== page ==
Auditing storys implications need some perspective
The Feb. 1 Lake Oswego Review provided considerable information on complaints … concerning my auditing of two Oregon governments. The article included much good information, but included several implications that should be put into perspective.
First, the theft from West Linn perpetrated by its finance director was as devastating to me as it was for the citizens of West Linn. I had known the thief for many years, as had many city employees, and had no reason to doubt her honesty.
Contrary to popular belief, professional standards require auditors to provide assurances that financial statements are fairly stated, not to ferret out fraud or assure financial statement users that no fraud exists. Auditors do not examine all transactions but rely on selective testing. Standards also require auditors to evaluate internal control compared to contemporary standards. I have found several inappropriate transactions in clients over my 30 years in auditing.
All auditors' approach to an audit is essentially to skeptically 'trust but verify.' Nothing indicated that the internal control situation at West Linn was appreciably different from many Oregon governments. The city had always tried to keep administrative costs to the lowest possible level. City officials officially stated that they understood a CPA's responsibility for fraud and that they did not know of any fraud in the city.
If someone is determined to steal, (he or she) can. There is no way an auditor can guarantee that theft will not occur or find all fraud. Even when the thief is caught and punished, others also pay a price: personal relationships are ended, professional careers devastated and reputations ruined.
On the advice of my attorney, I refused to provide auditors with prior audit documentation until any possible litigation is resolved. The new auditors regularly can and do go forward and reach an opinion on the financial statements without prior work papers.
In my response to the board, I said that the theft was well disguised. I have discussed this fraud with many professional auditors. Their overwhelming response has been that the fraud would not be detected using normal auditing procedures and was specifically designed to avoid audit detection. One telling issue is that in no year did a check clear in May, June or July - a strategy to keep the fraud evidence away from the standard fiscal year-end auditing procedures. Also stated in the forensic auditors' report, the fraud was not in the city's books, which we audited. Finding something that is not there is very difficult.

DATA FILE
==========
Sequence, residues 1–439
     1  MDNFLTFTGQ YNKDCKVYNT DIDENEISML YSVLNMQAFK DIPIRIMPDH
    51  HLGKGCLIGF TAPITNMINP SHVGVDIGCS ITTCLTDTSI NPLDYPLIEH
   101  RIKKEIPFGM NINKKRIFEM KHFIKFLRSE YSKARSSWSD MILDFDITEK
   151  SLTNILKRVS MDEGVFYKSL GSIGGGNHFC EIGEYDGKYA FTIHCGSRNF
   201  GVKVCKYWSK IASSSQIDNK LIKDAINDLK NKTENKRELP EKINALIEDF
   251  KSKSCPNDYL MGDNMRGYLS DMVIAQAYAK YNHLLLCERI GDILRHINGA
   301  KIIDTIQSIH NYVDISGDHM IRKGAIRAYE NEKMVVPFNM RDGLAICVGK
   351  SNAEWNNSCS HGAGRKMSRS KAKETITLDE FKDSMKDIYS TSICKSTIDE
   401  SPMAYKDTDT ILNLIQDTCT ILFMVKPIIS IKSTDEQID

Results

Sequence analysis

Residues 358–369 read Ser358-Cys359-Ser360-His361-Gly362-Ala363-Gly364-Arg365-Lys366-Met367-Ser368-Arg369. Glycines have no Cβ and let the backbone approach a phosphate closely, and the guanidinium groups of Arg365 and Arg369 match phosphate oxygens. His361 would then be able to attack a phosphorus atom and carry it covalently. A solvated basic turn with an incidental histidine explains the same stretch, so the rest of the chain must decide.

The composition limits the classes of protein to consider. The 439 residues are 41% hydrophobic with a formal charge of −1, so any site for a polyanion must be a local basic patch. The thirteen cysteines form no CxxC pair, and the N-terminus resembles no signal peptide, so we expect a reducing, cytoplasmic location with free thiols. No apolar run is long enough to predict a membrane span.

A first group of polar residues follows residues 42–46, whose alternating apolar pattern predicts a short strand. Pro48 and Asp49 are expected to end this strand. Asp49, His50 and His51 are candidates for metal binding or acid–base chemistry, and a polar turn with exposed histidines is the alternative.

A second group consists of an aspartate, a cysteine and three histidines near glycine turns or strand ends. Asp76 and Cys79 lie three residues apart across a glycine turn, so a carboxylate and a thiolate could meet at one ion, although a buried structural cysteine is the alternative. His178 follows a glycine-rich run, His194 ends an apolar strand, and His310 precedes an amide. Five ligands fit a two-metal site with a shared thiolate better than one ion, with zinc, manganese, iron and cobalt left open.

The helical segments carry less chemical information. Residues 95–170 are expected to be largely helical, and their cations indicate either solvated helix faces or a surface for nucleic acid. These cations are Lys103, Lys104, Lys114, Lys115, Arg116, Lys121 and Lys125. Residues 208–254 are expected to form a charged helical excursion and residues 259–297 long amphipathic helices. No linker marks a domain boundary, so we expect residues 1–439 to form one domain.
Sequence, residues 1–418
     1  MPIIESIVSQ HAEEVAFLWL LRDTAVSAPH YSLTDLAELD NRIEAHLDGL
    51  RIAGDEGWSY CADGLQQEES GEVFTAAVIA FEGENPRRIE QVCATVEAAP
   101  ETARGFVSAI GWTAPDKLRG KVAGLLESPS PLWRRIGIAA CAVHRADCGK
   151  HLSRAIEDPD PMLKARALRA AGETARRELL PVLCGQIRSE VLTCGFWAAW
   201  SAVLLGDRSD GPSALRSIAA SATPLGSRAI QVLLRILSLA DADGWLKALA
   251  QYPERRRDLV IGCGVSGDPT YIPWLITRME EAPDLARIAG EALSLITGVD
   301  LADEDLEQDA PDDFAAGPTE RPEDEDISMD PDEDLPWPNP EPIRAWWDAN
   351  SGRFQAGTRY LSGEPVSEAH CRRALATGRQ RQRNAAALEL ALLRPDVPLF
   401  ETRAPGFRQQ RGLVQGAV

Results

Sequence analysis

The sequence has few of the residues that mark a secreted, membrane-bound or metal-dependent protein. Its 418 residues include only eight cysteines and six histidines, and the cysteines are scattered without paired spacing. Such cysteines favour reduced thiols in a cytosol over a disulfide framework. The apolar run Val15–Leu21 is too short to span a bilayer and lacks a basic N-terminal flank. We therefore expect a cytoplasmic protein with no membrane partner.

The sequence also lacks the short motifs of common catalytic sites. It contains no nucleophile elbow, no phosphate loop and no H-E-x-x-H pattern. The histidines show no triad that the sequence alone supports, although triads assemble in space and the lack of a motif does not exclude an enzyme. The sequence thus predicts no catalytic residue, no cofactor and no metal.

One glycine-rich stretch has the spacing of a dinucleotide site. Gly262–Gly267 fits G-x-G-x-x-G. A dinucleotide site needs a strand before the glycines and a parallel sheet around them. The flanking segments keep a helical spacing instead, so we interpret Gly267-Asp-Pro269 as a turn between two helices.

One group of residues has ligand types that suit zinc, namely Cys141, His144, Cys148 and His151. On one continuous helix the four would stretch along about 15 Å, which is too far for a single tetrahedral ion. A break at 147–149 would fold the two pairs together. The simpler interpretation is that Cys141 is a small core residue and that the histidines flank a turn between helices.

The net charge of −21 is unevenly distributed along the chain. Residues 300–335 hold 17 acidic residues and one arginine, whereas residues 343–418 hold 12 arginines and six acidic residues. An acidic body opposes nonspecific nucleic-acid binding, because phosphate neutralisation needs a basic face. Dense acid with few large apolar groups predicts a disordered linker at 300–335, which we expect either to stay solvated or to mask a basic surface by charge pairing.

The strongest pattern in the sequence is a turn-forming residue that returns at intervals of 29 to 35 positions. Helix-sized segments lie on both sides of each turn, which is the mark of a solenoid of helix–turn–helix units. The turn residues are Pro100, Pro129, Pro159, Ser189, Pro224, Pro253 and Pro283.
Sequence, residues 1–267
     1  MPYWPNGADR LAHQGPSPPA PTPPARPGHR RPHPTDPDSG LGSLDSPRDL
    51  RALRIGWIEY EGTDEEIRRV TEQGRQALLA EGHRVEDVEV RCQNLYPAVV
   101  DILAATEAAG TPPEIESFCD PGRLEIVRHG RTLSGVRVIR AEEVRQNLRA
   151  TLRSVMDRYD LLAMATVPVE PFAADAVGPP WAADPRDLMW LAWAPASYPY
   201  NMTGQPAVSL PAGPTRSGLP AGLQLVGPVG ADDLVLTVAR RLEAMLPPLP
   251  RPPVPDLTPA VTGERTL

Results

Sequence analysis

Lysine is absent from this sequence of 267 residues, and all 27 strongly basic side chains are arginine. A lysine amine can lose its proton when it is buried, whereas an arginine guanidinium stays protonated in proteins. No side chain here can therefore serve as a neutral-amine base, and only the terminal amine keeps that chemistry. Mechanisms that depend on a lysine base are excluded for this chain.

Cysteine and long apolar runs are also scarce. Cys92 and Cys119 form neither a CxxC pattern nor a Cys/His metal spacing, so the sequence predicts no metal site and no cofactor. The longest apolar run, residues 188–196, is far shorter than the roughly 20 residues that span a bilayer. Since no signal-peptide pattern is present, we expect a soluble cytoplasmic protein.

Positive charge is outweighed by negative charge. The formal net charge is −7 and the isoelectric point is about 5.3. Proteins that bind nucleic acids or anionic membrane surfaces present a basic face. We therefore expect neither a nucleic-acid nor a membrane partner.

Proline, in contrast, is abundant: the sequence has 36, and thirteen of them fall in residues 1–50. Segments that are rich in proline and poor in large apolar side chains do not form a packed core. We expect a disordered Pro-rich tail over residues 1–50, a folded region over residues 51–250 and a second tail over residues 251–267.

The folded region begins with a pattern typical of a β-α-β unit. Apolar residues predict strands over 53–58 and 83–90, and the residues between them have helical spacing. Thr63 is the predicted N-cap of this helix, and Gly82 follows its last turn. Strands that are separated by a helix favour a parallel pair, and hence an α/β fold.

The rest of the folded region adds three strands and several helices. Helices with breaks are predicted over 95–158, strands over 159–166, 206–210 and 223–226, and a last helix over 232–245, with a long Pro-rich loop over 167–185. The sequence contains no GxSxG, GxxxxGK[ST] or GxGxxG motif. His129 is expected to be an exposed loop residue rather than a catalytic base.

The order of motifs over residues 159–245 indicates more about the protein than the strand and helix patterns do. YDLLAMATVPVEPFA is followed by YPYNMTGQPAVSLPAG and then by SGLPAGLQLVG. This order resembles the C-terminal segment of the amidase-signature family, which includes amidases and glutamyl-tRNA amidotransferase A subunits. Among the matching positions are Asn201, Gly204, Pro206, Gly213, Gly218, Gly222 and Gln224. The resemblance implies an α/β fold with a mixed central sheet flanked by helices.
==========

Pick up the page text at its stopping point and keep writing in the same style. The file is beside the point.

There are many other issues that affect this situation that the short length of this communication will not give me time to discuss.
In the case of the Portland Public Schools complaint, any issues with the government have been eliminated at my expense and without detriment to the district, other than taking their valuable time. It may be found that I made some mistakes in dealing with federal authorities, but I believe that the audits will be found to be within standards.
I have been practicing as a CPA since 1976, and these two issues are the first to initiate a complaint. I would ask that these issues, however they come out, be weighed along with my history and service to my profession and to the community of Lake Oswego, where I have lived for over 12 years.
L. Parry Ankersen is a CPA who lives in Lake Oswego. His office phone is 503-636-1157.